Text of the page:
Looking for historical attractions in NYC close to Grand Central? From your iconic digs at Westgate New York Grand Central, you'll find a diverse and unique history behind Tudor City and the surrounding Murray Hill district of Manhattan's Midtown East corridor! And not only is the neighborhood historic, our hotel is as well! So whether you're looking for historic NYC landmarks on a weeklong sightseeing journey or you're just diving into the micro-cosmic cultural nuances of a few square city blocks, we invite you to come and explore historical Midtown Manhattan with Westgate Resorts!
Once home to Turtle Bay and the Winthrop family farm following the American Revolution, lies what is today Tudor City. In the past, the land Tudor City is located was once a scenic, granite bluff known as Prospect Hill. This area soon became one of Manhattan’s most notorious neighborhoods after the New York Commissioner’s Plan in 1811 to create a street grid system ended farming in Manhattan, which did not bode well for Prospect Hill.
By the time of the American Civil War, times were harsh here, and the undeveloped Prospect Hill became known as Dutch Hill. It was also known as Goat Hill because of all the goats freely roaming the dirt roads, weaving between the mud and board houses. At the time, this shantytown, ran by Jimmy “Paddy” Corcoran and his Rag Gang (yes, think Martin Scorsese’s film Gangs of New York), soon became notoriously known as Corcoran’s Roost, thanks to the Rag Gang’s accused thievery and murderous actions.
After the Civil War, things began to look up for the Prospect Hill neighborhood, and by the 1870’s, thanks to post war prosperity, some middle-class rowhouses were built on what was then Prospect Place. This semi-prosperous time for Prospect Hill was short lived, thanks in large part to the building of the Second Avenue Elevated Train which threw soot into the air, causing breathing issues among the area’s citizens, forcing many to move, causing the neighborhood to decline once more.
The Original Grand Central Station is completed and the reshaping of Uptown into the modern day Midtown that we know today begins.
By the time Snook’s Depot was built it was already obsolete. It wasn’t long after that the plans had been set in place to build larger even more “Grand” station, and by 1903 construction had begun.
By 1913 the construction of Grand Central Terminal was completed, and New York was changed forever, bringing the need for such places as our beloved Tudor City.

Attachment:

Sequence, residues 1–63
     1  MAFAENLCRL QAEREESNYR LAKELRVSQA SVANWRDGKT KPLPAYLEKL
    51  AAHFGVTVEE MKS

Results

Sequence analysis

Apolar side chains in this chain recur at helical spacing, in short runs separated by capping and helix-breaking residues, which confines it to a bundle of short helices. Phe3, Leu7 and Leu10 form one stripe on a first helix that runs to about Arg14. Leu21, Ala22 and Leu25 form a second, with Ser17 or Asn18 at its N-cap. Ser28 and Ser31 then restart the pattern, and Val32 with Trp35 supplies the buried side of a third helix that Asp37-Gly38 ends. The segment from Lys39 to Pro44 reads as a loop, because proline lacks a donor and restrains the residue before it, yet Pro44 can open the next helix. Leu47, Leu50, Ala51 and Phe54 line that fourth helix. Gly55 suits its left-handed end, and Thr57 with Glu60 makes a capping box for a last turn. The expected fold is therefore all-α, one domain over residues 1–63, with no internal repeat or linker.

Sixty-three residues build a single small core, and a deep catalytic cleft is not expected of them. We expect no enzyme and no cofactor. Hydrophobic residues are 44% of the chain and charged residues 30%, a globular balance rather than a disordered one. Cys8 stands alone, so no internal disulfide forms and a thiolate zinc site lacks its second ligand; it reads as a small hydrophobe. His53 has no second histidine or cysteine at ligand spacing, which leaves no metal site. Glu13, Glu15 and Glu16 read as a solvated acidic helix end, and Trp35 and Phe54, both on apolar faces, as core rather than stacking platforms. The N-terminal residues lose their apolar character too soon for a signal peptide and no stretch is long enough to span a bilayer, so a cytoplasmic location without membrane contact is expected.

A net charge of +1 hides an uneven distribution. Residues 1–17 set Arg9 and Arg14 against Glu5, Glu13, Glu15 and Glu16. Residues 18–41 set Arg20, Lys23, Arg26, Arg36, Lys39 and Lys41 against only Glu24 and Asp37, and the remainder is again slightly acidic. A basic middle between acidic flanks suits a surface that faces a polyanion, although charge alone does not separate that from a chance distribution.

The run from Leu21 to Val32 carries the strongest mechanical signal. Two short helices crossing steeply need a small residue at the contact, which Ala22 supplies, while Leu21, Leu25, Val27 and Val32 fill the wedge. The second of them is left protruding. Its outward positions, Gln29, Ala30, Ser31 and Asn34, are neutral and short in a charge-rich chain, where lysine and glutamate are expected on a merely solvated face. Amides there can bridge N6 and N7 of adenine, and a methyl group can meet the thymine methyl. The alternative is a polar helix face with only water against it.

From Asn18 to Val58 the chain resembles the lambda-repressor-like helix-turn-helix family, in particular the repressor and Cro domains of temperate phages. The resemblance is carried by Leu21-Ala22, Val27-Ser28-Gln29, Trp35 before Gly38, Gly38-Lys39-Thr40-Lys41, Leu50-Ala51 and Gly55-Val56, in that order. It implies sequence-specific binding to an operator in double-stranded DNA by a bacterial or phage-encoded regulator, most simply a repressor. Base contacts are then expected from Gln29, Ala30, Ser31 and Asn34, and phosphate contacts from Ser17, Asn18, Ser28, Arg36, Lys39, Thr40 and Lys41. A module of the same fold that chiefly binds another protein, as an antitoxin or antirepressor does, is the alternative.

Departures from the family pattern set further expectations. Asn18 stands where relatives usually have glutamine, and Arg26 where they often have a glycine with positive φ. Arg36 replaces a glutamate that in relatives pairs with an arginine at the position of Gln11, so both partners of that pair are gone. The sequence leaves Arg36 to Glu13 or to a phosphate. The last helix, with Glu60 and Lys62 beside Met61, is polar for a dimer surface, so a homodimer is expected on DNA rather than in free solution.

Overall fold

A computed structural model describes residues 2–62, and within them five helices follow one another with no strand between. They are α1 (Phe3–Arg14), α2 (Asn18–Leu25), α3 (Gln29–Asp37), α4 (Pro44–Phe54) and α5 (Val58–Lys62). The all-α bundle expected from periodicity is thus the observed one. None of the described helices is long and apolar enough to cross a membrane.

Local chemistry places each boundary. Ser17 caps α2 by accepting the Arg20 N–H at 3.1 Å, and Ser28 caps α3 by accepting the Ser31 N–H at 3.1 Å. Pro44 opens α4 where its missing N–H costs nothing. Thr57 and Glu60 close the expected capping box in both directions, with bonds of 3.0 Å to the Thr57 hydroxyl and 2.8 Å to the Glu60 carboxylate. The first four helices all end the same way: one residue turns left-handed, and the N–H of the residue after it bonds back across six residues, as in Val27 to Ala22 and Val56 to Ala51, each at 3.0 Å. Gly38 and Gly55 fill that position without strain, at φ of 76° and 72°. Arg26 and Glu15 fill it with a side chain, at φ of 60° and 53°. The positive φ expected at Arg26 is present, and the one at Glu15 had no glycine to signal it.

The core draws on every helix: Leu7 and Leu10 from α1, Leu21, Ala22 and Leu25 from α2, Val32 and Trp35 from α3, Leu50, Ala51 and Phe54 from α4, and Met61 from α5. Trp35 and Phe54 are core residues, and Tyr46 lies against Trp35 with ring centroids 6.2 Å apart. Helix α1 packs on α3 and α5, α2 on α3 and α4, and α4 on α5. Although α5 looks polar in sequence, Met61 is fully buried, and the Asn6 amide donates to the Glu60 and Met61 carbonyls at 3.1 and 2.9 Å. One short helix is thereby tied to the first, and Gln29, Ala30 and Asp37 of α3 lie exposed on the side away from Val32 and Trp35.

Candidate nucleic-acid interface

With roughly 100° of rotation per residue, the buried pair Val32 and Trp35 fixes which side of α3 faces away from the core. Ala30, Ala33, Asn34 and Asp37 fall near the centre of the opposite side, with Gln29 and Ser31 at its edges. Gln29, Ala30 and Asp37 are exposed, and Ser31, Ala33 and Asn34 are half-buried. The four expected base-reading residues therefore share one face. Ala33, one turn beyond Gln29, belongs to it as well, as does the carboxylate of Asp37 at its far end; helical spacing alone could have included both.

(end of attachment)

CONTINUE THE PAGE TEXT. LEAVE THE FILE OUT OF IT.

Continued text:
12 years after the construction of Grand Central Terminal, real estate developer Fred Fillmore French, began his own “Grand” design to change Prospect Hill into what we know it as today, Tudor City. French’s plan was to create the largest apartment complex in all of Manhattan, he called it, “a city within a city” and what would become a suburbanesque oasis in the heart of New York City; a place in Manhattan were the middle class could still call home. By the time Tudor City was completed in 1930, it consisted of 2,800 apartments and 600 hotel rooms, the hotel, then known as the Hotel Tudor, is still here to this very day and now more vibrant than ever, as the Westgate New York Grand Central.
Where else does 16th-century architecture bump up against skyscrapers next door to the world's most peaceful organization? The calm, semi-elevated neighboorhood known as Tudor City is mainly explorable with the use of staircases and is supposedly the first residential skyscraper community ever developed, according to some prominent area historians and authors. Created as a buffer to the garish hubbub of Midtown East Manhattan, this small 'city within a city' serves as an urban oasis for tourists, residents and (generally speaking) anyone needing a quiet diversion from the day's events. One noteworthy aspect of the area is that parks within its boundaries are privately run despite an attempt by NYC in the mid '70s to make them public. Set out from our Midtown Manhattan hotel and take a walk on the peaceful side in Tudor City.Tudor City NYC
It's been said that Murray Hill is sometimes a tale of two cities. The landmarks, stately row houses and historic, converted carriage homes reveal this neighborhood's dual identities, as this once colonial spread from East 34th to 42nd Street along Madison Ave down to the East River now boasts a modern mashup of equal-parts young professional loft-loungers, college hipster vibes and old-world charms, all mixing it up among the various diplomats and United Nations employees who live and thrive in this underrated local district. With Tudor City's unique area looming from its hilly area in the northeast corner to the clubby-type hangouts galor for the young (and young at heart) to the heavy East-Asian influence of curry and spice cafes dotting Lexington and 28th, Murray Hill can satiate even the most intrepid urban explorer's need for nook and cranny exploration!Murray Hill NYC
If you're on the hunt for historic hotels in New York City then you're in for quite a treat when visiting the Midtown Manhattan East corridor, with a rich and influential history of historic hotels that have accommodated both heads of state and much humbler heads as well, throughout the years. At Westgate New York Grand Central, our rich and varied history is a testament to the entrepreneurial and visionary minds who crafted this area of Manhattan in the 1900s and beyond. Have a look beyond the brick and mortar and go back in time to explore these old hotels in NYC!Explore Old Hotels in NYC